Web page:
Priorities

POSTED BY HANK REICHMAN

The following op-ed piece appeared on November 9 in the Daily Bruin, the campus newspaper at UCLA.  It was reposted as well by the UCLA Faculty Association under the above title.  For those unaware, according to Wikipedia “a flexitarian diet is one that is plant-based with the occasional inclusion of meat products.”

UCLA must stop marketing campus hospitality over educational concerns

By Karishma Daibee

Flexitarians of UCLA: Rejoice, for there is a new flexitarian bar opening at De Neve dining hall next quarter.

Finally, you can live your life the way you’ve always imagined and realize your true destiny. Your academic dreams will come to fruition, and all the while, you can enjoy a diet of mostly plant-based protein, with a little meat and fish sprinkled here and there.

This truly unnecessary measure is just the newest in a series of efforts by UCLA and other colleges to market their facilities and hospitality services while ignoring underlying educational concerns. The new flexitarian bar demonstrates how UCLA has gone from marketing its school as an institution of superior academics to a summer camp with the country’s highest-ranked dorm food and all-new and improved dorms.

Meanwhile, as UCLA’s student population increases each year, class sizes grow and the student-faculty ratio worsens. More of UCLA’s efforts need to go toward improving its academic departments and facilities rather than toward turning the Hill into a student hotel.

And it’s not just in regards to food. The 2015 UCLA Viewbook boasts a campus “adorned” with “sparkling pools, tennis courts, state-of-the-art fitness centers and palm-tree-lined vistas.” There is a new quick dining service opening winter quarter, a graduate fitness center opening next summer, and a new outdoor study space was just recently opened near Powell. In short, the addition of the flexitarian bar is not the first time UCLA has hid behind its state-of-the-art facilities, marketing itself as a glorified hotel rather than an institution of higher learning.

In fact, for the 2014-2015 fiscal year, expenditures on residence halls amounted to $137,772,000, which is more than what was spent on the business and management, psychology, nursing, and architectural and environmental design departments combined.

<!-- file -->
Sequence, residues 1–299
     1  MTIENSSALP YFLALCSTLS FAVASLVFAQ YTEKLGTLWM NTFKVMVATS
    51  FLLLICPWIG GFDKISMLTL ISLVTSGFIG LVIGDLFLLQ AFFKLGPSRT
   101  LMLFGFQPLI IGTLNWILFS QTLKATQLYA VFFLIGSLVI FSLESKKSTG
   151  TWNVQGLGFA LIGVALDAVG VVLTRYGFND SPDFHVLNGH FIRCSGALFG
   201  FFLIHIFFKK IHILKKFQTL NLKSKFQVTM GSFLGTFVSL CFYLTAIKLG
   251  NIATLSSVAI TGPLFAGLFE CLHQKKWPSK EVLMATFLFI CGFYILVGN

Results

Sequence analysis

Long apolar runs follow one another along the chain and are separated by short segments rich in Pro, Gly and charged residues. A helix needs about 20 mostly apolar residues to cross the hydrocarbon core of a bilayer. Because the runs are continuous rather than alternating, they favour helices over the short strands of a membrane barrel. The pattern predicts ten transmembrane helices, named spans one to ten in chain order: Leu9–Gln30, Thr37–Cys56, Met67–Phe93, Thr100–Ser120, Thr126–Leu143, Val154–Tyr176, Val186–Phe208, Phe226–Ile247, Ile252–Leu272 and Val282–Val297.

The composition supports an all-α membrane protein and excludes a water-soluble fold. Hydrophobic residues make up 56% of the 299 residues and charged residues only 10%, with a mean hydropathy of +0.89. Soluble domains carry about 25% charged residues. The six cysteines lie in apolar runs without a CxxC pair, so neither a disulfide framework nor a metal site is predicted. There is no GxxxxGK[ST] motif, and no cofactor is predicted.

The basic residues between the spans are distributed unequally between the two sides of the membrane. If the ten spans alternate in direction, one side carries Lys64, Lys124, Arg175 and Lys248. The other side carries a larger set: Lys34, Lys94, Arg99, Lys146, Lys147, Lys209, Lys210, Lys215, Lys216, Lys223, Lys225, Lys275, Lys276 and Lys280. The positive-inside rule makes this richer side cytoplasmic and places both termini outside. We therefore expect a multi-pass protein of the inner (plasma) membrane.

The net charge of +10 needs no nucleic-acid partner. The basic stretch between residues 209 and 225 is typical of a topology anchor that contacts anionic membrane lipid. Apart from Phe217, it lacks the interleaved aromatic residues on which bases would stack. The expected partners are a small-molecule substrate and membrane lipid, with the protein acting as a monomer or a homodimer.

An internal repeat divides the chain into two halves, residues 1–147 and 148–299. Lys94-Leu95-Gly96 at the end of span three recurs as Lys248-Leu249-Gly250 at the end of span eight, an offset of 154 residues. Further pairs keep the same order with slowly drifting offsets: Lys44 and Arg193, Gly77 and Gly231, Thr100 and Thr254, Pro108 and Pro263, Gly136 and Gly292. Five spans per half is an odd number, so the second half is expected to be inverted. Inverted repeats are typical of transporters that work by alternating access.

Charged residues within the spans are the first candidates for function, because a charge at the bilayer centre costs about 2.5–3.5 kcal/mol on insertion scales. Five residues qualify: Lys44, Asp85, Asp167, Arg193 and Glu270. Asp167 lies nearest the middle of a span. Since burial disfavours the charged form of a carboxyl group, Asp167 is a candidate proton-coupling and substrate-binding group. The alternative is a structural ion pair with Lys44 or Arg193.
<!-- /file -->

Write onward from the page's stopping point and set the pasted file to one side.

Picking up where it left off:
Though there are many die-hard Bruin Plate fans on the Hill, I doubt any of us have any intention of becoming Van Wilder. Class enrollment issues, as well as the difficulty students have encountered in looking for solutions to these issues, have severely disillusioned us to the “let there be light” and “we the optimists” vibe that UCLA sold to us when we committed here.

With a rising student population, the student-faculty ratio will only continue to get worse. The student-faculty ratio has deteriorated to 17:1, and class sizes are so large that many students feel intimidated and unable to build a teacher-student relationship – a relationship that is imperative to getting recommendation letters in the future. If the trends keep up, faculty will become less and less accessible, along with the great resources that UCLA prides itself on, like the Academic Advancement Program and Campus Academic Counseling. Bottom line: There will be more students but less opportunity.

I’m not saying that the money spent on dining should be spent on academics – that’s not how the funding rules work. But this isn’t the Beverly Hills Hotel. Instead of trying to entice tenants for its year-long lease, perhaps UCLA should focus more on its academics – and I mean more than listing its impressive alumni or talking about how the global city of Los Angeles is our oyster or going over its position on arbitrary college ranking lists. Advertising things like Diddy Riese as a perk of UCLA will not help students get the education they deserve and pay for.

UCLA should be seeking to fund and improve its individual academic programs. For example, the administration should undertake short-term fundraising efforts for these departments in the same vein as they do for building new athletic facilities. It can be a very effective way to raise the money we need to help maintain our world-famous academic programs.